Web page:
Garden State of Mind
Photographs and Styling by MICHELLE GIORLA
I am not quite sure when or how it happened. It wasn’t an epiphany. There was no burning bush of Brussels sprouts that brought me to this radical viewpoint—well radical for me, devout apostle of the flesh—but: vegetables aren’t evil. In fact, they are quite enjoyable. Even the green ones. From Sam I Am to every five-year-old who’s ever eaten in a restaurant, green food has a problematic reputation. Some people won’t even try things based on color. That is a silly approach to food and life to judge things so superficially. The world of green vegetables varies greatly in texture and flavor and opens the flavor palette for both chefs and diners. Green vegetables add contrast and counterbalance to steaks, roasts, and most center-of-the-plate items.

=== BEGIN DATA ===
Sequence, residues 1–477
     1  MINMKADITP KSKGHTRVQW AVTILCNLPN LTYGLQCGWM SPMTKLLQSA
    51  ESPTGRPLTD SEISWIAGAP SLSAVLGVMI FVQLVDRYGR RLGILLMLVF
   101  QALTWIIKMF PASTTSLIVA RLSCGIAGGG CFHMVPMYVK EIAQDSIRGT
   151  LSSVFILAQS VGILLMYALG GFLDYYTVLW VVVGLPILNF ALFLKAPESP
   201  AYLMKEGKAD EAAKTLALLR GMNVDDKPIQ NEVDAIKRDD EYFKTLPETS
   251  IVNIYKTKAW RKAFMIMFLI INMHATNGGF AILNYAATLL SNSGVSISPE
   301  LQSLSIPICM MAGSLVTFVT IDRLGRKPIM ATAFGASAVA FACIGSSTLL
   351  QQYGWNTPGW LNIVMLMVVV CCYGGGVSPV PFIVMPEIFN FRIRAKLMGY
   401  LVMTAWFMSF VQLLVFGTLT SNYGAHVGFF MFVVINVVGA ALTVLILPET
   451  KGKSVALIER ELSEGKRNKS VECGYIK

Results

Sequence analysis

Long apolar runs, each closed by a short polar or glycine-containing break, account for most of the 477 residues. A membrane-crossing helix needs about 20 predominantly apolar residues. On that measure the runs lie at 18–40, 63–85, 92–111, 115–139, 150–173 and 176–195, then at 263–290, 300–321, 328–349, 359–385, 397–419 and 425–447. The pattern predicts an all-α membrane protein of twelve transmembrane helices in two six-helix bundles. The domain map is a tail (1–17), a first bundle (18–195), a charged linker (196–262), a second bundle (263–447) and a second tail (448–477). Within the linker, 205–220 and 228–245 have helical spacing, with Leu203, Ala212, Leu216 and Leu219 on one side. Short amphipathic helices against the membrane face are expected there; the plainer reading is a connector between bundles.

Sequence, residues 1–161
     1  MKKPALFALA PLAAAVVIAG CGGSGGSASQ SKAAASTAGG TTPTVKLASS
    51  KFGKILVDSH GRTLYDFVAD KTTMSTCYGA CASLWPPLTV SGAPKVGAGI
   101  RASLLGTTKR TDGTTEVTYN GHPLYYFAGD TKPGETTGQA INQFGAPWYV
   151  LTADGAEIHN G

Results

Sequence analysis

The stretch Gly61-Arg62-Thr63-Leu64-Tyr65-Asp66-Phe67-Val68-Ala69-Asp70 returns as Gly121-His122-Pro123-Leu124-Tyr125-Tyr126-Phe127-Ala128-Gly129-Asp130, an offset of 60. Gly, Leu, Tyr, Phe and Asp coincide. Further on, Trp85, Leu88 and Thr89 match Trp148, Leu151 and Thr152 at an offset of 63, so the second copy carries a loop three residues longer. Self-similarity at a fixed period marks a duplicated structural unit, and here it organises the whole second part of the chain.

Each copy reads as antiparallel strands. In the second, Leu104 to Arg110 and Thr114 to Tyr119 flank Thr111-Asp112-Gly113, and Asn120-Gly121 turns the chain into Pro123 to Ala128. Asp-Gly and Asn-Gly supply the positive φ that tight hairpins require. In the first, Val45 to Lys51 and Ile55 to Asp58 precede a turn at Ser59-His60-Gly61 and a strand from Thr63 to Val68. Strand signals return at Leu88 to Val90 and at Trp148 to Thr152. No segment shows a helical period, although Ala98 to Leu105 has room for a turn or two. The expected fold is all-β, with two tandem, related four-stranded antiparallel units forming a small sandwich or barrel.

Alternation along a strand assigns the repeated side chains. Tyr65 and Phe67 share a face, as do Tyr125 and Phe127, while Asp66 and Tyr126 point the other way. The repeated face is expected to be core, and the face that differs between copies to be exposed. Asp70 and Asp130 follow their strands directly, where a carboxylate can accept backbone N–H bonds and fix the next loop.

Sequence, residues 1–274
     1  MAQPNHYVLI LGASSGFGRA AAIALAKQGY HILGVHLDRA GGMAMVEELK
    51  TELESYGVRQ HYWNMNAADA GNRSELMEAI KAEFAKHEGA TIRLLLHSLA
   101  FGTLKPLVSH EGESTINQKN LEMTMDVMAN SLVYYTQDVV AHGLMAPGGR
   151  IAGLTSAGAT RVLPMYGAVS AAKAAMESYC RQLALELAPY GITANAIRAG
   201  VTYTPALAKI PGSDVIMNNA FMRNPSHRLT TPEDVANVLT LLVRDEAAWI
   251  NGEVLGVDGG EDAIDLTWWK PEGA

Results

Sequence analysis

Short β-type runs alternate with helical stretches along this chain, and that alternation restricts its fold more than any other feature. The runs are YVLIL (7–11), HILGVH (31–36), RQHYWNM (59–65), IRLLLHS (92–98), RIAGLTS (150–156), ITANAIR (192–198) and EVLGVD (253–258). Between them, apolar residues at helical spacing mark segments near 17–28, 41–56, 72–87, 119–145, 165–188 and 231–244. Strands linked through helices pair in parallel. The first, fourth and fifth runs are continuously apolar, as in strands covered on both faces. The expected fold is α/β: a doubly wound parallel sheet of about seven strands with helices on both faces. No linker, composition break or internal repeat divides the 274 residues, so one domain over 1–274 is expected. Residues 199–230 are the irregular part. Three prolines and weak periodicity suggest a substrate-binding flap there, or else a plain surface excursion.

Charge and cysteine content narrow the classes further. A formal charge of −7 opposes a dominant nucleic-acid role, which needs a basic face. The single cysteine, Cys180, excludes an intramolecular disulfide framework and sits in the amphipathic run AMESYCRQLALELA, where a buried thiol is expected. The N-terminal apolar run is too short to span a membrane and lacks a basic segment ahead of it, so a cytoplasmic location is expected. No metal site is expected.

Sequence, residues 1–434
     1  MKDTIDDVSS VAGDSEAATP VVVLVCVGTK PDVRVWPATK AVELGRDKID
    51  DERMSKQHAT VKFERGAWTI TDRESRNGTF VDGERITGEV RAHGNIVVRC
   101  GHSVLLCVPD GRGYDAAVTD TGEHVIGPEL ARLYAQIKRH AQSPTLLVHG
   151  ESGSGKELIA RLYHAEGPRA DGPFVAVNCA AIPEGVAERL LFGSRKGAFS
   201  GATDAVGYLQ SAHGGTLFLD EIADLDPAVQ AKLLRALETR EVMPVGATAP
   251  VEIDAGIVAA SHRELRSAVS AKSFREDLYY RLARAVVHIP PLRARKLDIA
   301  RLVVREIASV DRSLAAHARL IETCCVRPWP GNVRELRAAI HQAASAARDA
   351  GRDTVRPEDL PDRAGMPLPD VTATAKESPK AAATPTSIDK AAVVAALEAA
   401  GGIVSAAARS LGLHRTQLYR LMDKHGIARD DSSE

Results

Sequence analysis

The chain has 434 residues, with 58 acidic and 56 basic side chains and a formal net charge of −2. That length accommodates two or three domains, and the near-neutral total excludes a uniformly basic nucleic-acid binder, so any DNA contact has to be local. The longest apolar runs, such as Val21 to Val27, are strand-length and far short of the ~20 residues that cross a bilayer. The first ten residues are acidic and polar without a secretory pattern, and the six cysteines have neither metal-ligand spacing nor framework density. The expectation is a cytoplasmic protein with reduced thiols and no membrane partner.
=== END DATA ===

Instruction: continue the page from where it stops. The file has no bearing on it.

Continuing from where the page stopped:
Spinach greens are very versatile. Lightly sautéed in a pasta with shrimp or scallops, and they add a mineral bitter contrast to the salty ocean sweetness of shellfish. Creamed spinach is a classic steak accompaniment. Blanched and puréed and added to risotto, it provides depth of flavor and a color blast to stimulate the palate visually. Fresh spinach is available in two common types: baby, which has soft leaves and stems and is perfect to use as purchased. The mature spinach has a bolder flavor and chewier texture, and the stems need to be picked and discarded. When preparing adult spinach, rinse well, as it can be sandy and gritty. Cooking spinach does have its drawbacks. A pound of raw spinach after being blanched, squeezed dry, and chopped yields roughly a metric thimbleful. For all the work it entails, buy frozen chopped spinach.